• making it to the gate in time (I left my house about half an hour later than planned, then waited for the airport bus longer than planned... thankfully HK has one of the most efficient airports in the world... I even had time to pick something up at Starbucks). We had to take a ground-transport bus to our plane (my first time to do this in HK), and I had what we might call a very small panic attack when I suddenly considered the fact that I didn't know even one word of Vietnamese. It's been such a last minute trip -- so much so that I hadn't done any research whatsoever, or even learned how to say "thank you." That's been remedied now, thanks to Sherman and Becky and their Lonely Planet phrase book.
  • sitting on the airplane, relieved to have made the flight, and then gradually noticing that the easy-listening jazz being pumped through the plane was a cover of Nirvana's "Smells like Teen Spirit." Interesting.
  • making a conscious effort to put on my "I know what I'm doing" face while wandering through the Hanoi airport, looking for a taxi to take me to Sherman and Becky's. It turned out to be a very easy experience, but once again, I was mildly tempted to fall into I'm-in-a-new-country-and-can't-speak-the-language hysterics.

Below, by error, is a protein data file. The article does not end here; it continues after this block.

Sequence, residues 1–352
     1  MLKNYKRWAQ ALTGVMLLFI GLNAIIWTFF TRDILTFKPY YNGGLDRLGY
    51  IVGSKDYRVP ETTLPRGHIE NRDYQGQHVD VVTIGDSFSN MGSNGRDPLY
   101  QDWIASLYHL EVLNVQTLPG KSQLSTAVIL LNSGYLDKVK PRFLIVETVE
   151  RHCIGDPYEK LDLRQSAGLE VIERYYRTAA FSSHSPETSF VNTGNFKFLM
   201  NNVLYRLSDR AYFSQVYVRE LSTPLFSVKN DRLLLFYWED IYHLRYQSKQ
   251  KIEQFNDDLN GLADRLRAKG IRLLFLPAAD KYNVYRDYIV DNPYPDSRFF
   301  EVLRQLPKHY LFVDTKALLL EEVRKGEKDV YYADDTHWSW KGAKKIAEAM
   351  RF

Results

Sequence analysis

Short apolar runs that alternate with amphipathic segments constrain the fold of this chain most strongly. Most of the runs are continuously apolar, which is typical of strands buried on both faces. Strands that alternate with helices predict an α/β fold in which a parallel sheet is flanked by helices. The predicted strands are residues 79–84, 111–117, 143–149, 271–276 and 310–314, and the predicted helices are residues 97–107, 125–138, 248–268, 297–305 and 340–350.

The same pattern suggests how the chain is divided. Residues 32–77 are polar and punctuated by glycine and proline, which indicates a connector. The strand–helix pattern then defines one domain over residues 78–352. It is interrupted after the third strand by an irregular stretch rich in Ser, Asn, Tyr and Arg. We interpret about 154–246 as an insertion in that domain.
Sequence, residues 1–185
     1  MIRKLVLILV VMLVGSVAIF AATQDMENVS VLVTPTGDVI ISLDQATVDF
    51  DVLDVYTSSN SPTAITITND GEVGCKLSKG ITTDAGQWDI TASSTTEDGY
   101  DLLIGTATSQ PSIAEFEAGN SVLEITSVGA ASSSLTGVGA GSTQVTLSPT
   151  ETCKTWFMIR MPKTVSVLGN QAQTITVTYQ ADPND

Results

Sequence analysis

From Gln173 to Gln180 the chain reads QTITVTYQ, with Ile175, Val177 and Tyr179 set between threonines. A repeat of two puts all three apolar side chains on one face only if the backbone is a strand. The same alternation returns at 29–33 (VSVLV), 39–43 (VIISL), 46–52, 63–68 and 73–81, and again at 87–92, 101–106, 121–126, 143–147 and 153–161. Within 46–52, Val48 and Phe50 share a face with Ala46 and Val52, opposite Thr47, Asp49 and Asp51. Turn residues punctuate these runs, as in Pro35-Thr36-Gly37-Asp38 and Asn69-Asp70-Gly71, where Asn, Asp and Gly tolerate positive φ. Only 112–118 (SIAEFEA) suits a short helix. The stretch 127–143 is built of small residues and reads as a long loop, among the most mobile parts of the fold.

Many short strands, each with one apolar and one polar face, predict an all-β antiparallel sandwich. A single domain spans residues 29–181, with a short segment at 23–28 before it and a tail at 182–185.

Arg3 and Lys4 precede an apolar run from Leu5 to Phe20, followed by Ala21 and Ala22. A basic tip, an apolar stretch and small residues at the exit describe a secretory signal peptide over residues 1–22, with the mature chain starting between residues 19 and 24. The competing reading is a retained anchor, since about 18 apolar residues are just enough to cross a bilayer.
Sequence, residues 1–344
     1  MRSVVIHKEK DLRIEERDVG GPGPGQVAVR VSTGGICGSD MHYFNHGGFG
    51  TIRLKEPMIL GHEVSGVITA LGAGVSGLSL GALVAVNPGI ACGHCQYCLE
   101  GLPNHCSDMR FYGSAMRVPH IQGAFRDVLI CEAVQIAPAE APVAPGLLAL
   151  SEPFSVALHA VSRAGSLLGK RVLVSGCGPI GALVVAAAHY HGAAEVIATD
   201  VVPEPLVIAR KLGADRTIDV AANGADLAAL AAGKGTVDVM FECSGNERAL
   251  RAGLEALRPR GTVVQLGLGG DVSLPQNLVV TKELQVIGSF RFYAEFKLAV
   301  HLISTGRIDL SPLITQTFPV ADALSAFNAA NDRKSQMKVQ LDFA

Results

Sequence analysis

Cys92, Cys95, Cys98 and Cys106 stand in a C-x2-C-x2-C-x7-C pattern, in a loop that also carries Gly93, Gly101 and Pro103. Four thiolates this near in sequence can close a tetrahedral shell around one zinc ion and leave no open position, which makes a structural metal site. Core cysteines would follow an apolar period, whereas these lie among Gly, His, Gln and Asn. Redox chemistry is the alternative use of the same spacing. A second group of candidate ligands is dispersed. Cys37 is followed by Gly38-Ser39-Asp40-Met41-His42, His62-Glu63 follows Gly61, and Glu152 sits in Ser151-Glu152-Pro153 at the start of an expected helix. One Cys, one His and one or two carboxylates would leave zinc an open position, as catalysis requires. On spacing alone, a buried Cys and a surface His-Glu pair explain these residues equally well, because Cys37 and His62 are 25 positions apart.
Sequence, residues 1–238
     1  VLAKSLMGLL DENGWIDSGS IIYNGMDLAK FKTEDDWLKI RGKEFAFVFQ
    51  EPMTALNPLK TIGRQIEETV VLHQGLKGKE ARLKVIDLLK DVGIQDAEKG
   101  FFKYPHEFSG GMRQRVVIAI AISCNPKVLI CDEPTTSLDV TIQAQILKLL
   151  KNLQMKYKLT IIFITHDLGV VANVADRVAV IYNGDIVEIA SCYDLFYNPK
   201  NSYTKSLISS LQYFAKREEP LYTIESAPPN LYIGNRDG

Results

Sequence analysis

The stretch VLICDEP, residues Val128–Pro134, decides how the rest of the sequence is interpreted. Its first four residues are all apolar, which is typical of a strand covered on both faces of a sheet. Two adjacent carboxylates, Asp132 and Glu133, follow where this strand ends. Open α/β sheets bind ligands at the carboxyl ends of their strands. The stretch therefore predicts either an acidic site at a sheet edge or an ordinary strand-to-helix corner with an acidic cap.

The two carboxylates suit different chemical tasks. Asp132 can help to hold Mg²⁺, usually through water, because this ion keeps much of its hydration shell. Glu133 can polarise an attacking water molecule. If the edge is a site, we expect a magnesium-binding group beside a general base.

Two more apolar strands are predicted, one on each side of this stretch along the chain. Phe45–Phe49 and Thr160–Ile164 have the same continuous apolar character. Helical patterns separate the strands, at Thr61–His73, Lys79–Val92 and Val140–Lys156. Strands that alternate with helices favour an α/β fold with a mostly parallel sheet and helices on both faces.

• drawing and coloring a life-sized Princess Dora [the Explorer] for Hannah's fourth birthday party. The kids played "pin the tassel on the princess's hat. :)
  • wandering around some of the streets in the old part of town and drinking in the cool mix of architecture -- modern, traditional Vietnamese, French colonial, Chinese.
  • crossing streets. "Just keep walking and assume that the motorcycle-drivers see you and will go around you." That's what I kept telling myself. I think my time in China was good preparation for this visit...
  • trying to figure out the street food, but ultimately deciding to eat at a very non-adventurous restaurant. But it's probably a good thing I did. Not only would I have had no idea what I was ordering (besides being able to see and point to ingredients), but also, Becky informed me that Hanoi's in the middle of a small cholera outbreak at the moment, so I'm glad I stayed on the safe side...
  • hiring a motorcycle to take me back to Sherman and Becky's place. What a thrill! It made my afternoon of carrying around the extra helmet very much worth it. So yes, I wasn't completely unsafe -- I wore a helmet. But then I burned my leg on the tailpipe getting off, and have a nice big blister to prove it.